evaluated quantitatively. The technical feasibility of the proposed goggle system is tested in an ex vivo tumor model.
Our experiments demonstrate the feasibility of using a goggle navigation system for intraoperative margin detection and
Obtaining three-dimensional (3D) information of biologic tissue is important in many medical applications. This paper
presents two methods for reconstructing 3D topography of biologic tissue: multiview imaging and structured light
illumination. For each method, the working principle is introduced, followed by experimental validation on a diabetic
foot model. To compare the performance characteristics of these two imaging methods, a coordinate measuring machine
(CMM) is used as a standard control. The wound surface topography of the diabetic foot model is measured by
multiview imaging and structured light illumination methods respectively and compared with the CMM measurements.
The comparison results show that the structured light illumination method is a promising technique for 3D topographic
imaging of biologic tissue.
Simultaneous and quantitative assessment of skin functional characteristics in different modalities will facilitate diagnosis
and therapy in many clinical applications such as wound healing. However, many existing clinical practices and
multimodal imaging systems are subjective, qualitative, sequential for multimodal data collection, and need co-registration
between different modalities. To overcome these limitations, we developed a multimodal imaging system for quantitative,
non-invasive, and simultaneous imaging of cutaneous tissue oxygenation and blood perfusion parameters. The imaging
system integrated multispectral and laser speckle imaging technologies into one experimental setup. A Labview interface
was developed for equipment control, synchronization, and image acquisition. Advanced algorithms based on a wide gap
second derivative reflectometry and laser speckle contrast analysis (LASCA) were developed for accurate reconstruction
of tissue oxygenation and blood perfusion respectively. Quantitative calibration experiments and a new style of skinsimulating
phantom were designed to verify the accuracy and reliability of the imaging system. The experimental results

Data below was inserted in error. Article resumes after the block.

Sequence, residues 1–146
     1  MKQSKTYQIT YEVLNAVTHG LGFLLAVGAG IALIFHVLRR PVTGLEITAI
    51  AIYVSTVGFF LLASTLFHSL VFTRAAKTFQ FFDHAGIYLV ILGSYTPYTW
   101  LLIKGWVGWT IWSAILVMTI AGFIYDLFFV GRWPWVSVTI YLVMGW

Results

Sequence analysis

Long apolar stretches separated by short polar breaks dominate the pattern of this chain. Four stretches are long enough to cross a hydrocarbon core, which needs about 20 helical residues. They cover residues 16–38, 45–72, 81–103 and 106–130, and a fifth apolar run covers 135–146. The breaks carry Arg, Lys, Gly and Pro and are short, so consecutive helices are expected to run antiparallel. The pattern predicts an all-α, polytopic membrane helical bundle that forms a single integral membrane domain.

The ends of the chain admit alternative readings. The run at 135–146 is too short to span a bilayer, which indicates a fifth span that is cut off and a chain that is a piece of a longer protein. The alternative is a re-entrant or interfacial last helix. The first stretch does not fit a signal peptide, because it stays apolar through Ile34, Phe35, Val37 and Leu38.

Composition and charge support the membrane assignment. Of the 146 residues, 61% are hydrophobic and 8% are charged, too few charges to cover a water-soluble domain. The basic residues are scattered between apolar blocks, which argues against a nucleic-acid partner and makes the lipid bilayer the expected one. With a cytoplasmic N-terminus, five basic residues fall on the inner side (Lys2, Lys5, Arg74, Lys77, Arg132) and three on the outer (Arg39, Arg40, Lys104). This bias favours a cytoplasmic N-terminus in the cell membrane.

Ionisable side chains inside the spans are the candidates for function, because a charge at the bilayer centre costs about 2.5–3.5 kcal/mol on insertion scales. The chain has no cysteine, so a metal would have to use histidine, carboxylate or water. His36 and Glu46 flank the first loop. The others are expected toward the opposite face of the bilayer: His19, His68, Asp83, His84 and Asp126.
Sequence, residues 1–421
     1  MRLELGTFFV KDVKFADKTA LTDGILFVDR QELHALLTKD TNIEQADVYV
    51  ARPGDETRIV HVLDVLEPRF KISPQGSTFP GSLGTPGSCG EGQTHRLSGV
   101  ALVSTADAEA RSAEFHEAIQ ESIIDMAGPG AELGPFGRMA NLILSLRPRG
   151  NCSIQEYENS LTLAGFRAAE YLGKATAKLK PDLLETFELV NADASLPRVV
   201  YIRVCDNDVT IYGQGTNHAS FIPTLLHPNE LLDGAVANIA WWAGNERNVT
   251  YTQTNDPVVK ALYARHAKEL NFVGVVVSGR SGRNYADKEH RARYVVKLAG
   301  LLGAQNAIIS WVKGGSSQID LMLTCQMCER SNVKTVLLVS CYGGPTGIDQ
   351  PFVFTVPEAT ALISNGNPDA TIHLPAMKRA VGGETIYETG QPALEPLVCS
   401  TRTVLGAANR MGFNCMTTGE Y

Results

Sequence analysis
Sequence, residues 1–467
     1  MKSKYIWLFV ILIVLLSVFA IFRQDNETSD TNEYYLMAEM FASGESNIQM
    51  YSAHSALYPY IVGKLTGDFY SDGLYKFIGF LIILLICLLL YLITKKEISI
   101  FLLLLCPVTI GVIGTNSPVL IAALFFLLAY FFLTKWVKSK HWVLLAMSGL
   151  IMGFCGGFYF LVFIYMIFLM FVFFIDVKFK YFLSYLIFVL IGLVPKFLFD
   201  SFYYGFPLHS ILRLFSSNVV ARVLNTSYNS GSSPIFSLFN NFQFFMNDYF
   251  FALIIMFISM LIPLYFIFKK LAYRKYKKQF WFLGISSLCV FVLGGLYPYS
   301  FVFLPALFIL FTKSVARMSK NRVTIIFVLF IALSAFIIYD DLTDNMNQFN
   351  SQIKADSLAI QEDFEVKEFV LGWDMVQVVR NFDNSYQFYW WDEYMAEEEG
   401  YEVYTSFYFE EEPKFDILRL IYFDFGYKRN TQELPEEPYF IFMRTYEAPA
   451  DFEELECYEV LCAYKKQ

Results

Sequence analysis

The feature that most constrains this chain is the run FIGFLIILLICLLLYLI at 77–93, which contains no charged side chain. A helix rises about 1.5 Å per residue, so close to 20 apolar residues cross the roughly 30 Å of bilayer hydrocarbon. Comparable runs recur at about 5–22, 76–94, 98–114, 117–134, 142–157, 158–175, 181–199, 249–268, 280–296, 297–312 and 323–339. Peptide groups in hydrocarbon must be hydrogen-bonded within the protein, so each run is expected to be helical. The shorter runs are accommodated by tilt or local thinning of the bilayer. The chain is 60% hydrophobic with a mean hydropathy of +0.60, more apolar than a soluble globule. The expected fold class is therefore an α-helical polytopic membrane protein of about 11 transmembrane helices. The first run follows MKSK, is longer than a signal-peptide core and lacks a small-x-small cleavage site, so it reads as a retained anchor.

were compared with a Moor tissue oxygenation and perfusion monitor. For In vivo testing, a post-occlusion reactive
hyperemia (PORH) procedure in human subject and an ongoing wound healing monitoring experiment using dorsal
skinfold chamber models were conducted to validate the usability of our system for dynamic detection of oxygenation and
perfusion parameters. In this study, we have not only setup an advanced multimodal imaging system for cutaneous tissue
oxygenation and perfusion parameters but also elucidated its potential for wound healing assessment in clinical practice.
Accurate and in vivo characterization of structural, functional, and molecular characteristics of biological tissue will
facilitate quantitative diagnosis, therapeutic guidance, and outcome assessment in many clinical applications, such as
wound healing, cancer surgery, and organ transplantation. However, many clinical imaging systems have limitations and
fail to provide noninvasive, real time, and quantitative assessment of biological tissue in an operation room. To
overcome these limitations, we developed and tested a multiview hyperspectral imaging system. The multiview
hyperspectral imaging system integrated the multiview and the hyperspectral imaging techniques in a single portable
unit. Four plane mirrors are cohered together as a multiview reflective mirror set with a rectangular cross section. The
multiview reflective mirror set was placed between a hyperspectral camera and the measured biological tissue. For a
single image acquisition task, a hyperspectral data cube with five views was obtained. The five-view hyperspectral image
consisted of a main objective image and four reflective images. Three-dimensional topography of the scene was achieved
by correlating the matching pixels between the objective image and the reflective images. Three-dimensional mapping of
tissue oxygenation was achieved using a hyperspectral oxygenation algorithm. The multiview hyperspectral imaging
technique is currently under quantitative validation in a wound model, a tissue-simulating blood phantom, and an in vivo
biological tissue model. The preliminary results have demonstrated the technical feasibility of using multiview
hyperspectral imaging for three-dimensional topography of tissue functional properties.
The wound healing process involves the reparative phases of inflammation, proliferation, and remodeling. Interrupting
any of these phases may result in chronically unhealed wounds, amputation, or even patient death. Quantitative
assessment of wound tissue ischemia, perfusion, and inflammation provides critical information for appropriate
detection, staging, and treatment of chronic wounds. However, no method is available for noninvasive, simultaneous,
and quantitative imaging of these tissue parameters. We integrated hyperspectral, laser speckle, and thermographic
imaging modalities into a single setup for multimodal assessment of tissue oxygenation, perfusion, and inflammation
characteristics. Advanced algorithms were developed for accurate reconstruction of wound oxygenation and appropriate
co-registration between different imaging modalities. The multimodal wound imaging system was validated by an
ongoing clinical trials approved by OSU IRB. In the clinical trial, a wound of 3mm in diameter was introduced on a
healthy subject’s lower extremity and the healing process was serially monitored by the multimodal imaging setup. Our
experiments demonstrated the clinical usability of multimodal wound imaging.